Innovative place branding for location sustainability: which are the key barriers, obstacles and challenges? We asked our panel of place brand specialists, and here is what they said:
- Sustainability communication is a tricky one. “Greenwashing” (over-claiming sustainability credentials) continues to tarnish honest efforts made by place managers and developers.
- Politicians sometimes have a different agenda or goals to that of place managers, which can make it challenging to implement innovative ideas.
- We need better coordination between government programmes and the private sector, e.g. property developers.
- Money matters and needs to be invested if a city or destination wants to adequately communicate the benefits of sustainable development – internally or externally.
- There is a lack of foresight and long-term vision and too much focus on immediate returns.
I think the challenge is to communicate the benefits of sustainable development to people. Yes, we all understand conceptually that sustainable development is hugely important and very desirable. But unless you clearly explain how this will impact people’s day-to-day lives and give them benefits they can relate to, rather than a lot of statistics, your brand won’t resonate no matter how good it may seem. Also, brands that have used ‘greenwashing’ techniques have undermined the market’s trust when it comes to sustainability. We need to regain that trust by creating brands that operate on principles of sincerity and honesty.
Misunderstanding and misalignment of need. Many people who have spent too long in hierarchical organisations like universities forget supply and demand. We must ensure place branding delivers and communicates features demanded by businesses and stakeholders. Rather than white elephant vanity projects or greenwashing favoured by a lot of leadership.
Often ensuring sustainability meets a need would result in faster sales rates for developments. The features demanded will vary by the target audience: end-of-the-trip facilities, vertical gardens, outdoor gyms, kinetic energy, and light reduction. The current offerings by developers often seem stale and tired – thus hard to brand.
Innovation must come from demands made by stakeholders, not ‘ideas’.
Politicians need to be educated on and embrace place branding as a strategy for making political decisions.
I have written in length at TPBO about NEOM – the Saudi Arabia-backed smart city. In the long run, I believe such utopian projects will fall short of delivering value. If that happens, place branding cynics will feast on such high-profile project failures – probably rightfully so.
Another challenge is what the Google-backed company Sidewalk Labs had to go through in Toronto. Technology is the future of both cities and place branding. However, so far ‘the smart city’ promise has caused more unrest than good. Especially in less democratic countries data is collected aggressively.
Place branding professionals will have to work harder to address the concerns of civil rights activists and researchers about the invasion of privacy.
- Political cycles, incompetence and electoral scheming
- Lack of vision
- A lack of ambition
- Status quo bias
Car culture, traffic engineers, and leaders who are afraid of powerful voices who believe a place is only a parking lot or a thoroughfare for vehicles.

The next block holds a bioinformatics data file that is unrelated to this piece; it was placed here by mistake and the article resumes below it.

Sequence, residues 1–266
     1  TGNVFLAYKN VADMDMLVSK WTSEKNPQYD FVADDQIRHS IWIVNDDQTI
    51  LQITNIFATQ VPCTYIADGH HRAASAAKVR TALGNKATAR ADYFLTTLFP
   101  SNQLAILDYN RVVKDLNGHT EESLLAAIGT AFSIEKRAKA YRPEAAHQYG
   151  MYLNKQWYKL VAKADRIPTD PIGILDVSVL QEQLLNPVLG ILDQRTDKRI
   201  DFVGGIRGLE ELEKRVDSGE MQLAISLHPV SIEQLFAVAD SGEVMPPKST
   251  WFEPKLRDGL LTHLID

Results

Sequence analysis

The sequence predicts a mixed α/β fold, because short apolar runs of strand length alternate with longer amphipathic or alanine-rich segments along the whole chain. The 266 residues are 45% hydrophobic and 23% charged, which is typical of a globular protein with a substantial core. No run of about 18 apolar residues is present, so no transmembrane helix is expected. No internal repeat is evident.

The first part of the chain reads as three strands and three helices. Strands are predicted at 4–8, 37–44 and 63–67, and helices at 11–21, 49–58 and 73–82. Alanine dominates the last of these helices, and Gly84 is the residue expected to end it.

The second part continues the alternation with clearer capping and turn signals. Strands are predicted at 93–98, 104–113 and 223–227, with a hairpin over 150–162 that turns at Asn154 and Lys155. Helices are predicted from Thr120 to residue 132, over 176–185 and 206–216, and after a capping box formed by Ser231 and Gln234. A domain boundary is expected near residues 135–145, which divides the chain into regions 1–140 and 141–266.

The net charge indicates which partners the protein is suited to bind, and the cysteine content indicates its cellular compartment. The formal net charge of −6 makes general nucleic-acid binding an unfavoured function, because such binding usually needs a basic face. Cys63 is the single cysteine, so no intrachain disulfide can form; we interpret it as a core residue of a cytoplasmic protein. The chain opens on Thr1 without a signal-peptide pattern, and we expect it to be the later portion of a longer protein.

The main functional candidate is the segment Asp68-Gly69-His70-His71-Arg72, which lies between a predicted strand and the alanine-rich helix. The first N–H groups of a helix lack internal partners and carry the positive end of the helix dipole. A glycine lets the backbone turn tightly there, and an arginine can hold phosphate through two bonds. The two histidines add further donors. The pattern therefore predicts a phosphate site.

Politicians’ inability to change their mindset, particularly on metrics, has long been a roadblock for many destinations. The measure of destination success needs to change from focusing on visitor volume (numbers) to visitor value (spending) and community benefit.
Changing the metrics will drive a more sustainable approach to tourism development. Destination managers have been banging their heads against this brick wall in many countries for years. Sadly, it is all too often easier for politicians to talk about legs (number of visitors) than dollars (earnings) because it makes a better media soundbite.
The challenge is to develop strategies that fulfil visitors’ needs and create a positive impact in the local community, like regenerative tourism.
In my experience, the major barriers are a mix of:
- Failure of imagination – failure to understand, envisage and explore the potential contribution of brand strategy to the development of a place, as well as promoting and marketing its current attractions and experiences.
- Lack of coherence and coordination in government programmes and private sector development in place development, whether for tourism and destination development or the holistic economic development of the place; seeing tourism development as an exemplar of place development alongside economic, social and cultural development of the place.
- Failure to think beyond the present day in telling and promoting the story of the place. By this, I mean planning for, allocating funds for, spending and managing innovative improvements for the offer of the place, to show the trajectory of its future development, that it is a place with a future, one that is worth investing in, one that it is worth staying in as well as a place to visit.
There is a high level of static and cynicism around sustainability claims. Stakeholders and communities are becoming increasingly aware of greenwashing, so it is important to develop substance behind any attempted positioning.
The objective of place branding is to contribute to socio-economic development, this includes sustainable infrastructure regeneration. Wherever the place is in its journey, the latter will require demonstrating the long-term view on sustainability and evidencing its return on investment.
It would be beneficial to publicise which locations are doing the best work in implementing sustainable development models that attract talent and investment aligned with their place’s sustainability goals.
More about the panel – including previously published insights – here
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